Keep in mind that you may feel worse before you feel better during your detox process. This occurs because your body is ridding itself of more toxins at that time than it normally would on a regular basis. For example, you may feel tired after your detox bath, but experience increased energy levels the next day. Understand that all of the toxins in your body will not come out in one detox bath. However, doing this continuously over a period of time will contribute to the elimination of toxins from your body to at least help lessen them.

 

What a great way to treat yourself to a relaxing bath and detox at the same time! Talk about dual cleansing. Read about another way to bathe your toxins away. 

 

Tell us how you enjoyed your detox bath or share your detox bath recipe. We would love to hear it!

 

 

Detox Bath 3c

 

 

 

Disclaimer

These statements are for informational purposes only and have not been evaluated by the Food and Drug Administration. This information and these products are not intended to diagnose, treat, cure or prevent any disease. If you are pregnant, nursing, taking medication, or have a medical condition, consult your physician before using these products or applying this information.

 

 

References

 

 

 

 

How to Detox with a Clay Bath

   clay_bath

There are many different ingredients you can use to detox while bathing: Epsom salt and baking soda, essential oils, ginger, and more. Bentonite clay is another ingredient that you may enjoy using in your bath. It’s known for cleansing the skin, and its detoxing properties.

 

What you’ll need:

  • 1-2 pounds (2-4 cups)                                                                             *Note: beginners may want to start with 1 cup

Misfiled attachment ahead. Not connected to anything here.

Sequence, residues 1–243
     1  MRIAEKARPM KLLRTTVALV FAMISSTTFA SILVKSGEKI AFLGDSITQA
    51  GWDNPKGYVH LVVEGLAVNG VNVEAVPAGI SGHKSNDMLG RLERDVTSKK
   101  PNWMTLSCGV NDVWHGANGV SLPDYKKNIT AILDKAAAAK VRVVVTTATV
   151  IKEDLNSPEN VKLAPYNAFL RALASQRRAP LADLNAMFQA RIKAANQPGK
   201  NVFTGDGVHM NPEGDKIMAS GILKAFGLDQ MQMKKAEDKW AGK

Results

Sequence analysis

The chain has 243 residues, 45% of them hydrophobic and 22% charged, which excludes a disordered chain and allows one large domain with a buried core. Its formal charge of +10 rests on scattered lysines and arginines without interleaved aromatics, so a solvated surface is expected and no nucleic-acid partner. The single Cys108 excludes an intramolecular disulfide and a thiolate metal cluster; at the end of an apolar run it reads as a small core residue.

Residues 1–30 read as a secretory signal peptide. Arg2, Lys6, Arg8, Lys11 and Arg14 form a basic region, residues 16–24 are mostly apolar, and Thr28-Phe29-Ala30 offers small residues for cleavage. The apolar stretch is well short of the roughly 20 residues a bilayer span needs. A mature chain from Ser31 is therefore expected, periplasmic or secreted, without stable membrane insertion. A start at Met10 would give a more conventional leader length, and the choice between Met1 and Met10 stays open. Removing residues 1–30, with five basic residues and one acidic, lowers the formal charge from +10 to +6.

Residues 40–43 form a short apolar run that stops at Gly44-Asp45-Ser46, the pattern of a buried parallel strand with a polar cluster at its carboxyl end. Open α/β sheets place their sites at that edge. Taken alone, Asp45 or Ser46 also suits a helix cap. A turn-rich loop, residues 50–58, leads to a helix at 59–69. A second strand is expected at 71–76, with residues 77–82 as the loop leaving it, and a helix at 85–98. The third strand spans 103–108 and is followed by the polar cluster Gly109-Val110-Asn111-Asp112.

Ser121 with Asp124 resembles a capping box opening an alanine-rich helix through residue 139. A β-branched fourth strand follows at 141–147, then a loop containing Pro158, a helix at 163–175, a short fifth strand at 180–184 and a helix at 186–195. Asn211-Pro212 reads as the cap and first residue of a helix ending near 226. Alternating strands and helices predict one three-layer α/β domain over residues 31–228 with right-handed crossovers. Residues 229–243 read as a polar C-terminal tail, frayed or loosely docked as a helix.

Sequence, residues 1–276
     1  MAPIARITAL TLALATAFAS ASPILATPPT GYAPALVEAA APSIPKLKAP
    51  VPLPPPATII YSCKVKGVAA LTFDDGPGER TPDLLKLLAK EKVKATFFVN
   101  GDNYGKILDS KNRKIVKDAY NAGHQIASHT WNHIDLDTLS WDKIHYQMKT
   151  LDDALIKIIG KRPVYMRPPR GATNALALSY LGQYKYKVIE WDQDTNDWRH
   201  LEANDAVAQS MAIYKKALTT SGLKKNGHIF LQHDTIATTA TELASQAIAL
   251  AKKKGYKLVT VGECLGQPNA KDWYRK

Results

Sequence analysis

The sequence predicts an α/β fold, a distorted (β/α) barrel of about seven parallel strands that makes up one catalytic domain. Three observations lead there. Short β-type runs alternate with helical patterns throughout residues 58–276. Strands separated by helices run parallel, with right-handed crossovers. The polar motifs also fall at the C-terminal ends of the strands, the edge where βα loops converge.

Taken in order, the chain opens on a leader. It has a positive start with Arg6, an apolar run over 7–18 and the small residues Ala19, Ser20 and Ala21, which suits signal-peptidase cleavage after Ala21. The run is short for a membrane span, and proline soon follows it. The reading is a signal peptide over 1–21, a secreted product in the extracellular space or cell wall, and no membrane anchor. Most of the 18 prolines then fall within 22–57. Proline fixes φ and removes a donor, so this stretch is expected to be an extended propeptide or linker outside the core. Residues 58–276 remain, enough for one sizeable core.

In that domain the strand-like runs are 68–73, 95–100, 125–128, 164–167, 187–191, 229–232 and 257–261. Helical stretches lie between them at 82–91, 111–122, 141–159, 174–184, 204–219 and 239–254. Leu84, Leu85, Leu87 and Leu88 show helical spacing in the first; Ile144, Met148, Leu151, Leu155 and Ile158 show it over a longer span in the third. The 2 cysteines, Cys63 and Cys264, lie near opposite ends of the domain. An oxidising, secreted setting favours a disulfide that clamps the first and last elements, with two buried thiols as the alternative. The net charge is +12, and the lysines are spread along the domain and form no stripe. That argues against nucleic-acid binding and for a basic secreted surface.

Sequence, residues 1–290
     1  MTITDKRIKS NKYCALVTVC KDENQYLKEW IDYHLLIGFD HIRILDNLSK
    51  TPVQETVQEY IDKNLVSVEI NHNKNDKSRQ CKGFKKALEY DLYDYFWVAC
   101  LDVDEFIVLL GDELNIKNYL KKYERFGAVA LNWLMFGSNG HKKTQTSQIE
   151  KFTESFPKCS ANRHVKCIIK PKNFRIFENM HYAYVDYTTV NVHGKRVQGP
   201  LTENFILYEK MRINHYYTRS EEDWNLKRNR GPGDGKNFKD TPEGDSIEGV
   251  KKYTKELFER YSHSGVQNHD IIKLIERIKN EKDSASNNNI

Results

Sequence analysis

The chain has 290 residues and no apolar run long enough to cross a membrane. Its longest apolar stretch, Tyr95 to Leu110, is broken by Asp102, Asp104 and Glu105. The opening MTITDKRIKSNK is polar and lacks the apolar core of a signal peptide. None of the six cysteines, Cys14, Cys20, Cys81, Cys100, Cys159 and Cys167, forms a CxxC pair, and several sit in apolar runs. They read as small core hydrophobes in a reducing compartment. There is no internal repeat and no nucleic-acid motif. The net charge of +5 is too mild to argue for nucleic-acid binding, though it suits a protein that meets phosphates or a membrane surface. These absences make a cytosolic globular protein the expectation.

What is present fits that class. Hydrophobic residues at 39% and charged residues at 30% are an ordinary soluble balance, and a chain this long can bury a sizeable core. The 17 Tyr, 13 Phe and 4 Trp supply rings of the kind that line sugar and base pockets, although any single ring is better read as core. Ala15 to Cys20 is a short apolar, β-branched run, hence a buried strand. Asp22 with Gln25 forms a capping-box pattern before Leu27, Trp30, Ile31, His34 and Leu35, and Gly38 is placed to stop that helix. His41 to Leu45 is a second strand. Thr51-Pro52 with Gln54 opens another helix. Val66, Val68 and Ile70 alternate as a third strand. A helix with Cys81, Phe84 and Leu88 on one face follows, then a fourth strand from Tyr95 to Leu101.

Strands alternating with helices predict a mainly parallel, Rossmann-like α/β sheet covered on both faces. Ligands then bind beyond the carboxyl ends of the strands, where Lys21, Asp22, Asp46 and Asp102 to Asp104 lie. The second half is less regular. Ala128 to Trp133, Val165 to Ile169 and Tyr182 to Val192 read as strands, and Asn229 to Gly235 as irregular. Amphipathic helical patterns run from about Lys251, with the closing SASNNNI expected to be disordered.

• 1-2 cups of natural sea salt (start with one)

 

 

 1)    Pour the sea salt in the tub first, and then 1-2 pounds of bentonite clay in very warm/ hot water as you’re running your bath. Remember to break up any clumps as you do this. Avoid pouring the clay in only one area of the tub to help keep it from clumping. Whisk the clay around in the tub (don’t use metal) to help it dissolve in the water. You can also pre-mix the clay in water in a bowl or container (preferably glass or BPA free plastic), and then pour it in your bath. This is another way to minimize clumps. Get in and enjoy! For better results, soak for 20 – 40 minutes. When finished slowly get out of the tub to avoid getting light-headed.

                                                                                                                                                                                  Or

 

2)    Mix the clay in water to create a thick muddy consistency. Do as mentioned above, except rub the clay paste all over your body, let dry for 5-10 minutes before sitting down in the tub. This provides direct skin contact and is known to aid in the elimination process of the skin. If you have some wet clay left over, then you can squish it in the tub.

    

 

Cleanup

It’s best to clean your tub soon after you’re finished with your bath. Wear protective gloves to avoid contaminating yourself with the very toxins you just released. You may want to push a cloth (that can catch fine material like cheesecloth) into the drain as the water goes down. This minimizes the amount of clay going into your septic tank and disrupting the balance. It’s also a good practice for those that are connected to city sewer systems. Even though the city sewage can handle the clay better than a septic tank, minimizing the clay going down the pipes can help protect them from potential clogs. You can use a washcloth or towel to clean the remaining clay from the bottom of the tub.   

 

 

Important Tips:

  • Don’t let the bentonite clay come in contact with anything metal, because it reduces its effectiveness.

 

  • A good quality bentonite is odorless and should be a grey, cream color. It also has a very fine, velveteen feel.